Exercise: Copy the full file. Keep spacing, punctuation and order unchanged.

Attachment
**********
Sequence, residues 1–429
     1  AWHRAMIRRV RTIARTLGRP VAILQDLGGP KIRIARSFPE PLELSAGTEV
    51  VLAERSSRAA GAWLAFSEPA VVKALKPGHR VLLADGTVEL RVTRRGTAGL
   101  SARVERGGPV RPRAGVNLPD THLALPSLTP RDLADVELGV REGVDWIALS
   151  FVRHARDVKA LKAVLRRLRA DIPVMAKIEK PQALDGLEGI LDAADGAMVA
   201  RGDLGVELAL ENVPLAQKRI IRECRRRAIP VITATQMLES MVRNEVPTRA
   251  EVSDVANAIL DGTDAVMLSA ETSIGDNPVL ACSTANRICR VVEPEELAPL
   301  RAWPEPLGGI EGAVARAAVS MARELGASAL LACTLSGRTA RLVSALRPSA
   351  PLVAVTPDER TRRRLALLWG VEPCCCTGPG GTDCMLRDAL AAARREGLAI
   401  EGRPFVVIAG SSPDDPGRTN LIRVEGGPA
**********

Sequence, residues 1–429
     1  AWHRAMIRRV RTIARTLGRP VAILQDLGGP KIRIARSFPE PLELSAGTEV
    51  VLAERSSRAA GAWLAFSEPA VVKALKPGHR VLLADGTVEL RVTRRGTAGL
   101  SARVERGGPV RPRAGVNLPD THLALPSLTP RDLADVELGV REGVDWIALS
   151  FVRHARDVKA LKAVLRRLRA DIPVMAKIEK PQALDGLEGI LDAADGAMVA
   201  RGDLGVELAL ENVPLAQKRI IRECRRRAIP VITATQMLES MVRNEVPTRA
   251  EVSDVANAIL DGTDAVMLSA ETSIGDNPVL ACSTANRICR VVEPEELAPL
   301  RAWPEPLGGI EGAVARAAVS MARELGASAL LACTLSGRTA RLVSALRPSA
   351  PLVAVTPDER TRRRLALLWG VEPCCCTGPG GTDCMLRDAL AAARREGLAI
   401  EGRPFVVIAG SSPDDPGRTN LIRVEGGPA